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Parks v. Ravenhill

August 10, 2007

Suzan-Lori Parks blazed a trail when she sat down a few years ago to write a play a day for a year. Seems like this type of feat of theatrical endurance is becoming popular.

British playwright Mark Ravenhill (Shopping and Fucking)is pulling together a series of last-minute plays to be performed at this year's Edinburgh Festival. The original plan was for the dramatist to write a play a day throughout the festival.

But Ravenhill's epileptic seizure and subsequent memory loss earlier this year, combined with a realization that writing a play every day during the festival might not be the best use of his talents or the audience's time, has caused a slight change in plans.

Instead, Ravenhill has been working on a cycle of 20-minute plays over the last three months, the final three of which he actually plans to compose at the festival. In total, he's producing five and a half hours' worth of theatre to be premiered in staged readings at The Traverse Theatre through August.

The cycle is called Shoot, Get Treasure, Repeat. "Each 20-minute play is a stand-alone piece, but they are all in some way about the war on terror," the playwright says in The Guardian. "Key images and phrases are repeated throughout the cycle. My aim was to create an epic out of a series of small encounters."

Of course, there's a difference between sitting down and writing a play a day for a year and having them performed in a year-long festival a few years later as Parks did, and presenting a hastily-written cycle of 20-minute plays straight away at The Edinburgh Fringe. Parks and Ravenhill's projects are quite different in many ways, though they superficially seem similar.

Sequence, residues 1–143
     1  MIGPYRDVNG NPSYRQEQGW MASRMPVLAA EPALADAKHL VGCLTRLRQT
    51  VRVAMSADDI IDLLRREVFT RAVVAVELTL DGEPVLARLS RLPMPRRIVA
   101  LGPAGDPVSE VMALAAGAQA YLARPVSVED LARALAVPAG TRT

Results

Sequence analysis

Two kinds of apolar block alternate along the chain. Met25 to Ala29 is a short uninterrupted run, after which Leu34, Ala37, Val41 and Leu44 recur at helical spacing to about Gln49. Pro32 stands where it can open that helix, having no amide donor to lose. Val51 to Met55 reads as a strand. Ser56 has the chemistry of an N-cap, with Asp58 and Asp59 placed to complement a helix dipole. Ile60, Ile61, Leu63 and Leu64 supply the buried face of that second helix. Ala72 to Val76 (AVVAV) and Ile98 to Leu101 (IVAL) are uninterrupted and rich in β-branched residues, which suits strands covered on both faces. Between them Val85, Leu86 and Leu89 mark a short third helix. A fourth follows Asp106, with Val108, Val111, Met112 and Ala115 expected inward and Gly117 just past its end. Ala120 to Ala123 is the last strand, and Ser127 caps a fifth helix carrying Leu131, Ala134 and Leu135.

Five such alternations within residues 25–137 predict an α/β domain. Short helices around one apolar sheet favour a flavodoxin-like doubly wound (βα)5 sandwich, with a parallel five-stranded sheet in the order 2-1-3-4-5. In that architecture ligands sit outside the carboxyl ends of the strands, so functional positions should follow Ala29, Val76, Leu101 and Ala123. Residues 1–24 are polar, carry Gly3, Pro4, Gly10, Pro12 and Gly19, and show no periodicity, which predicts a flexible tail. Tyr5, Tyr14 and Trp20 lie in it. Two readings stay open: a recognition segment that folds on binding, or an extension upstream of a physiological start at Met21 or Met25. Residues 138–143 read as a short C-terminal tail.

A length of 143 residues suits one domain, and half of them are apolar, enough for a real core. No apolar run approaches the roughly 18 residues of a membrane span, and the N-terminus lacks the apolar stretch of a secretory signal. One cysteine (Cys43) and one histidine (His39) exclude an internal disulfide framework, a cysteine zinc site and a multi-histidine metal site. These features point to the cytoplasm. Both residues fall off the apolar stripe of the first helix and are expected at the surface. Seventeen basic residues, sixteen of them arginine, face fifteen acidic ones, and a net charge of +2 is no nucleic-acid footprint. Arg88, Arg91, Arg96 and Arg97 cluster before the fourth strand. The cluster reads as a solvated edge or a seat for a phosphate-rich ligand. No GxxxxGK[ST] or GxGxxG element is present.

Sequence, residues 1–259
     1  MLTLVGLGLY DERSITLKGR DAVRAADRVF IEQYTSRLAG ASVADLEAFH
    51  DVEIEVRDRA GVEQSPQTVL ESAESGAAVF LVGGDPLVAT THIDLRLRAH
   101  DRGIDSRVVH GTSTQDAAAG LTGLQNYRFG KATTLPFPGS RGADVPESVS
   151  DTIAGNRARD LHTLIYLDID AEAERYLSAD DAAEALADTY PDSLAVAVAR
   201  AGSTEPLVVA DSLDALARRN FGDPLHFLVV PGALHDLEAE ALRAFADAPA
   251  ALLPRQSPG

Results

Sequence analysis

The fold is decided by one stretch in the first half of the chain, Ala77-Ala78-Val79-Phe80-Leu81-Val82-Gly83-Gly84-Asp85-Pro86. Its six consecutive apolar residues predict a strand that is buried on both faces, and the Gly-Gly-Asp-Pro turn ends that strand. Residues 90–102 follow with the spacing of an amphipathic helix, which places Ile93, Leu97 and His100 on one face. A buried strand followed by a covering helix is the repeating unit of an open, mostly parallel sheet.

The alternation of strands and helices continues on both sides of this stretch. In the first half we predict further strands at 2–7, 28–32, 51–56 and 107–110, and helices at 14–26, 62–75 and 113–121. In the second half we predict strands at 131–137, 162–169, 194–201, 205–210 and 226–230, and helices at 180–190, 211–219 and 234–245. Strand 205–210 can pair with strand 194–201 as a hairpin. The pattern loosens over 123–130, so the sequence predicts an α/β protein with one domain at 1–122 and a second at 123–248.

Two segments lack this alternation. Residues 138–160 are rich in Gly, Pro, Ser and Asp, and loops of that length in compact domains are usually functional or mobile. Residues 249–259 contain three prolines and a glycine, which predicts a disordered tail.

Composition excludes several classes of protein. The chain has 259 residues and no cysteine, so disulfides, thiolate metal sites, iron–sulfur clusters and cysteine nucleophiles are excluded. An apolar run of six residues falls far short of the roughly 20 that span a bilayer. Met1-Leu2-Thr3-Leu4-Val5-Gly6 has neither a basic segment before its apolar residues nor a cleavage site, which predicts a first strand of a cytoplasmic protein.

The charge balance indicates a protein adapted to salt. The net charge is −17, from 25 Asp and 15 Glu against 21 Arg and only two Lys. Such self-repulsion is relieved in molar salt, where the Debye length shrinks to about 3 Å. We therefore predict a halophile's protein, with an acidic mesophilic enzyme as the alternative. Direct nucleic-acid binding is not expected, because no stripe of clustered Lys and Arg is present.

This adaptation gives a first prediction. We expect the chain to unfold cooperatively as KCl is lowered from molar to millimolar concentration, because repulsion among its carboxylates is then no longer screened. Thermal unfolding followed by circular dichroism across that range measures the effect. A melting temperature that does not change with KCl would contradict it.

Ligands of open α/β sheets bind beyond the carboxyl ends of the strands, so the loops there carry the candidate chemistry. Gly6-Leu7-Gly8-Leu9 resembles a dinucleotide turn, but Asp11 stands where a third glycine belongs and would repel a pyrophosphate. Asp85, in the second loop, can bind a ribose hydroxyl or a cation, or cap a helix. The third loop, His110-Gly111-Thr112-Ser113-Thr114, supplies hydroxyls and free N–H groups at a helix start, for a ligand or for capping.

Parks' project started off as an exercise. She wanted to see if she was capable of writing a play each day. It was like doing a daily yoga routine for her. She would write in hotel rooms, on the bus, on the plane, in the line at the grocery store, late at night, first thing in the morning. Whenever. When her cycle was finished, she put it away. It wasn't until a few years later that the plays were resurrected, published and made the focus of a massive nationwide festival which is still ongoing, (though it garnered very little media attention beyond the fanfare of the opening couple of weeks.)

Ravenhill is under a great deal more external pressure than Parks, though he doesn't have to go through the same kind of drawn-out endurance test. His project is more public in some ways. Few people outside of Parks' immediate circle knew about her play-a-day project while she was writing it. Ravenhill's act of kamikaze dramatics is all over the papers and the fruits of his labors - good or bad - are being presented before live audiences this month.

While Parks' project is a marathon, Ravenhill's is a sprint.

The question is, are these kinds of exercises in dramatic composition genuinely fruitful for anyone beyond the writers themselves and the theatrical marketing machine? I'm not even entirely sure doing this sort of project is good for the writer. Parks got a lot out of writing a play a day I think - at least internally. I don't think the 365 festival has had the impact (nurturing solidarity, involving communities etc) that the producers hoped for. But Ravenhill's project doesn't feature the same self-nurturing properties as Parks' quiet, personal activity of sitting down to write a play a day. He is working fully in the public eye and people expect him to pull it off. I hope he doesn't end up having another seizure as a result.


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